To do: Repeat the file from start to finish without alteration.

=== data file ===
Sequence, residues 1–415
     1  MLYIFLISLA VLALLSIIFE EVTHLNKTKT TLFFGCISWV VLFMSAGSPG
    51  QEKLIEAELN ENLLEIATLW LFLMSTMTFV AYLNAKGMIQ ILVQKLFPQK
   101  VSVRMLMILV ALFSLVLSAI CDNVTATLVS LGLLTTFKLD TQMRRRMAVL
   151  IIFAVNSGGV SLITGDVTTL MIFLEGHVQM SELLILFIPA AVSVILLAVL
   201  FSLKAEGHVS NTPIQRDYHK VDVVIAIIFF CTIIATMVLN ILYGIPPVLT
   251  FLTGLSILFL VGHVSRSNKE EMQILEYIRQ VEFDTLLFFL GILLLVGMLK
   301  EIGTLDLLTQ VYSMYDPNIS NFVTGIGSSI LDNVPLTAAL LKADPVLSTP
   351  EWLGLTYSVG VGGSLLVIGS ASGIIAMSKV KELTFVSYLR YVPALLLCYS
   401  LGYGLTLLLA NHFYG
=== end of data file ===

Sequence, residues 1–415
     1  MLYIFLISLA VLALLSIIFE EVTHLNKTKT TLFFGCISWV VLFMSAGSPG
    51  QEKLIEAELN ENLLEIATLW LFLMSTMTFV AYLNAKGMIQ ILVQKLFPQK
   101  VSVRMLMILV ALFSLVLSAI CDNVTATLVS LGLLTTFKLD TQMRRRMAVL
   151  IIFAVNSGGV SLITGDVTTL MIFLEGHVQM SELLILFIPA AVSVILLAVL
   201  FSLKAEGHVS NTPIQRDYHK VDVVIAIIFF CTIIATMVLN ILYGIPPVLT
   251  FLTGLSILFL VGHVSRSNKE EMQILEYIRQ VEFDTLLFFL GILLLVGMLK
   301  EIGTLDLLTQ VYSMYDPNIS NFVTGIGSSI LDNVPLTAAL LKADPVLSTP
   351  EWLGLTYSVG VGGSLLVIGS ASGIIAMSKV KELTFVSYLR YVPALLLCYS
   401  LGYGLTLLLA NHFYG